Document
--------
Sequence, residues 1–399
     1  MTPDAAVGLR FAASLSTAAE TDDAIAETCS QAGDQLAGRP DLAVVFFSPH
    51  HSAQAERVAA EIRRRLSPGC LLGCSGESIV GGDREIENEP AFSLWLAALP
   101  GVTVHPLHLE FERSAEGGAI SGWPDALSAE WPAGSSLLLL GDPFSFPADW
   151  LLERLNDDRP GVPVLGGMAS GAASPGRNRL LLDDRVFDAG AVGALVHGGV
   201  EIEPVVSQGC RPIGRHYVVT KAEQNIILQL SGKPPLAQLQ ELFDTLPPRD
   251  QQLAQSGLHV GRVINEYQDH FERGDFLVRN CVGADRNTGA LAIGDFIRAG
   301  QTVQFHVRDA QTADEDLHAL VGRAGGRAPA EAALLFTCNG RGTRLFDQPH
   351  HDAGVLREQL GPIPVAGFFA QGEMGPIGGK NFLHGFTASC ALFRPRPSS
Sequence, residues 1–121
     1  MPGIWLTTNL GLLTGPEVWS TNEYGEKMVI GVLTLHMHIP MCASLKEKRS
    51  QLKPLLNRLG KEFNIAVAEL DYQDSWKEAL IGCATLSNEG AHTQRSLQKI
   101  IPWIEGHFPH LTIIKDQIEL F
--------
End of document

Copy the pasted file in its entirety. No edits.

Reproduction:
Sequence, residues 1–399
     1  MTPDAAVGLR FAASLSTAAE TDDAIAETCS QAGDQLAGRP DLAVVFFSPH
    51  HSAQAERVAA EIRRRLSPGC LLGCSGESIV GGDREIENEP AFSLWLAALP
   101  GVTVHPLHLE FERSAEGGAI SGWPDALSAE WPAGSSLLLL GDPFSFPADW
   151  LLERLNDDRP GVPVLGGMAS GAASPGRNRL LLDDRVFDAG AVGALVHGGV
   201  EIEPVVSQGC RPIGRHYVVT KAEQNIILQL SGKPPLAQLQ ELFDTLPPRD
   251  QQLAQSGLHV GRVINEYQDH FERGDFLVRN CVGADRNTGA LAIGDFIRAG
   301  QTVQFHVRDA QTADEDLHAL VGRAGGRAPA EAALLFTCNG RGTRLFDQPH
   351  HDAGVLREQL GPIPVAGFFA QGEMGPIGGK NFLHGFTASC ALFRPRPSS
Sequence, residues 1–121
     1  MPGIWLTTNL GLLTGPEVWS TNEYGEKMVI GVLTLHMHIP MCASLKEKRS
    51  QLKPLLNRLG KEFNIAVAEL DYQDSWKEAL IGCATLSNEG AHTQRSLQKI
   101  IPWIEGHFPH LTIIKDQIEL F